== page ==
AMP explores technology advancements to improve diagnosis and treatment for infectious diseases
The Association for Molecular Pathology (AMP), the premier global, non-profit organization serving molecular diagnostics professionals, today announced a new report that examines how sophisticated technology advancements are being implemented to improve diagnosis and optimize treatment selection for multiple invasive, opportunistic and often deadly infectious diseases. The manuscript titled "Emerging and Future Applications of MALDI-TOF Mass Spectrometry in the Clinical Microbiology Laboratory: A Report of the Association for Molecular Pathology" has been released online ahead of publication in the November 2016 issue of The Journal of Molecular Diagnostics.
Over the past 20 years, the morbidity and mortality rates for infectious diseases have increased as more patients are becoming immunocompromised due to factors such as transplantation and various oncology treatments. Clinical microbiologists are now using matrix-assisted laser desorption ionization time-of-flight mass spectrometry (MALDI-TOF-MS) for rapid identification and diagnostic applications beyond the routine identification of bacteria and yeast. In this report, the AMP MALDI-TOF in Infectious Diseases Work Group highlights three of these important application areas, including the identification of specific invasive infectious diseases and antimicrobial susceptibility testing. After a thorough evaluation, the team determined MALDI-TOF-MS could successfully identify filamentous fungi, such as Aspergillus, and mycobacteria, such as M. tuberculosis. However, the team believes that more testing must be performed before it can recommend the use of MALDI-TOF-MS for antimicrobial susceptibility applications.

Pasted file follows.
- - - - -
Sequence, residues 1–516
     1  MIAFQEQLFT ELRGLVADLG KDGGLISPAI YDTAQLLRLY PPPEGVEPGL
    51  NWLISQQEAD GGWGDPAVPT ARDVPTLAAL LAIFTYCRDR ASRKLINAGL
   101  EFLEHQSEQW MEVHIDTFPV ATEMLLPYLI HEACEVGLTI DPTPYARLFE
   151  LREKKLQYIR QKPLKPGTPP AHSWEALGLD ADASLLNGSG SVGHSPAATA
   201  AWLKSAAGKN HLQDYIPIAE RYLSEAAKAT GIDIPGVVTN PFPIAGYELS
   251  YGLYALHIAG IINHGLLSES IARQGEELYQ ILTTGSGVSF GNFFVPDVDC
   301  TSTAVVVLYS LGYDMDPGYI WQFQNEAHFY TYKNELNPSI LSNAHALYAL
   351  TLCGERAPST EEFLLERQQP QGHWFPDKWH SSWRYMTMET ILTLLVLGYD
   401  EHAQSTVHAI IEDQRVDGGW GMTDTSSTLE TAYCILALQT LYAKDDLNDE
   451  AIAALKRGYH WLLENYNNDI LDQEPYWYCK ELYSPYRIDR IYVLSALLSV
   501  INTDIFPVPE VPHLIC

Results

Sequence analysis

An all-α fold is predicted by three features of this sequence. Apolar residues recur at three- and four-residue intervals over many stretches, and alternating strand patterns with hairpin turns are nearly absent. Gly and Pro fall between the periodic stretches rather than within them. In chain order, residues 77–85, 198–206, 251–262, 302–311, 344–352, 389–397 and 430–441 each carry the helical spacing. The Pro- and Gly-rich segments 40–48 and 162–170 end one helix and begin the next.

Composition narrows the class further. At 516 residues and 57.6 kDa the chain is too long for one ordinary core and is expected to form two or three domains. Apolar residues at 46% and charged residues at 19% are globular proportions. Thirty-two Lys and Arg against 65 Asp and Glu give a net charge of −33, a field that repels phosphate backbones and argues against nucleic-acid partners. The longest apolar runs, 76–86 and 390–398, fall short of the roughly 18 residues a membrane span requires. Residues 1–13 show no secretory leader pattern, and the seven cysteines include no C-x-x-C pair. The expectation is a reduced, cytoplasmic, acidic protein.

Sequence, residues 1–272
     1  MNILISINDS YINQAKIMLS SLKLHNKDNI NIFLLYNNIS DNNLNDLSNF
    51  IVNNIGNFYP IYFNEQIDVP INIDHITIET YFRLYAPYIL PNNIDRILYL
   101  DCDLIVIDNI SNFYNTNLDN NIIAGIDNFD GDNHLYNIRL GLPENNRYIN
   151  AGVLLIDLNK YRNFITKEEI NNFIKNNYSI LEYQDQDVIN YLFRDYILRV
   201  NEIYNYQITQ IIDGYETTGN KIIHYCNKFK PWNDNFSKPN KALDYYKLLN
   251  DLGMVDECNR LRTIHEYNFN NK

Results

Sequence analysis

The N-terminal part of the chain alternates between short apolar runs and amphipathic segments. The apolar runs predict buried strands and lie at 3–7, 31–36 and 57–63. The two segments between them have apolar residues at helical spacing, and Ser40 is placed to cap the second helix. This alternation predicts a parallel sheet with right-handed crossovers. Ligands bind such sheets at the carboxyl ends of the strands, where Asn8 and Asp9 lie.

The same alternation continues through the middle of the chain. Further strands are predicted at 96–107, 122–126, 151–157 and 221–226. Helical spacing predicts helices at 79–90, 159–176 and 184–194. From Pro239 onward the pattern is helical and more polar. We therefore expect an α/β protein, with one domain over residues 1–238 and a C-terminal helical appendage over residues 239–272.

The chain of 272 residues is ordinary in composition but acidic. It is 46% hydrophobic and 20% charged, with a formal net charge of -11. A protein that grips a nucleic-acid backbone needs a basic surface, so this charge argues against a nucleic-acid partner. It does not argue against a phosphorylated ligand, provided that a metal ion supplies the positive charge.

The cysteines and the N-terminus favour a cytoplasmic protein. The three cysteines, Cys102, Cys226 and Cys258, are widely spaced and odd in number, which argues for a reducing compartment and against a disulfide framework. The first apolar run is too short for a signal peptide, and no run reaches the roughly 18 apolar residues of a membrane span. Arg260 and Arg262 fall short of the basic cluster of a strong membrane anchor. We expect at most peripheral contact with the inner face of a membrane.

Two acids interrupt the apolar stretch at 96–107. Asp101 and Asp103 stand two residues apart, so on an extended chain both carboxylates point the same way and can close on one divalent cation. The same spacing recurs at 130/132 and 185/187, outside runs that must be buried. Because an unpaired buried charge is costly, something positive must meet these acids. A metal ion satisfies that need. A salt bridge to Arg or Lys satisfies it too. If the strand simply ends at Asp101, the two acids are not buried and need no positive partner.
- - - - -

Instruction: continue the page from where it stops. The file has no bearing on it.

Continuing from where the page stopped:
"MALDI-TOF-MS is not only more accurate than growth-based microorganism identification systems, but it is also faster and more affordable," said Christopher Doern, PhD, Lead of AMP MALDI-TOF in Infectious Diseases Working Group, Associate Director of Microbiology at Virginia Commonwealth University Health System. "It is very likely that MALDI-TOF-MS will soon become common practice for the identification of more invasive infectious diseases in the clinical laboratory."
"With reported mortality rates now in excess of 50 percent, the incidence of opportunistic invasive fungal infection has substantially risen in the last two decades, particularly in patients with hematologic malignancies," said Michael Lewinski, PhD, Chair of the AMP Infectious Diseases Subdivision, Senior Director of Medical Affairs, Microbiology at Roche Molecular Systems. "Looking forward, MALDI-TOF has the potential to transform modern healthcare by helping microbiologists identify these microorganisms down to the species level and enabling clinicians to determine the optimal antifungal therapy for each patient."